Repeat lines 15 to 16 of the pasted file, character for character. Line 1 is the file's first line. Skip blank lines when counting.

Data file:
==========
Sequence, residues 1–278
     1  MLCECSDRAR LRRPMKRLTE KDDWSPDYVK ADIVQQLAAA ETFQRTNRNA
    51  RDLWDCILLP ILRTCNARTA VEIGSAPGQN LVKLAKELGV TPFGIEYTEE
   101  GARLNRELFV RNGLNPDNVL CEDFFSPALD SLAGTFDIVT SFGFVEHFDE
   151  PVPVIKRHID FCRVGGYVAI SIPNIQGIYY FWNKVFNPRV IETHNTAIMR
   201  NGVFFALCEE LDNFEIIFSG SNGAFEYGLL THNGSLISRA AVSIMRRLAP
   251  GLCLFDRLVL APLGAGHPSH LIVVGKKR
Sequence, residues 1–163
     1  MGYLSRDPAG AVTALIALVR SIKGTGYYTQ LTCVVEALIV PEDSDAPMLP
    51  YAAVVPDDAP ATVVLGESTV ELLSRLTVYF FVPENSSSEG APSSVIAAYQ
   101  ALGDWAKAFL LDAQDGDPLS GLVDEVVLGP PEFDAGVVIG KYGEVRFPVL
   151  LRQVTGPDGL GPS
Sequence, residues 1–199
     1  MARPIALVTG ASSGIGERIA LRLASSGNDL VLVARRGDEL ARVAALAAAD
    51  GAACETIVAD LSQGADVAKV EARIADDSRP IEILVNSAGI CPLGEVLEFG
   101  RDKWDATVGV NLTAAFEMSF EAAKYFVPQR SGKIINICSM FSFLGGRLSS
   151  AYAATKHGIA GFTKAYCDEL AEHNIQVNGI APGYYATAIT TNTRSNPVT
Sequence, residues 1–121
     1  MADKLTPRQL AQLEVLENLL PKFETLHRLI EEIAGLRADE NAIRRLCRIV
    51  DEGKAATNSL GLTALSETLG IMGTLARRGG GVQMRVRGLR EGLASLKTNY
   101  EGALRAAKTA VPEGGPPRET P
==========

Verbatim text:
    51  GAACETIVAD LSQGADVAKV EARIADDSRP IEILVNSAGI CPLGEVLEFG
   101  RDKWDATVGV NLTAAFEMSF EAAKYFVPQR SGKIINICSM FSFLGGRLSS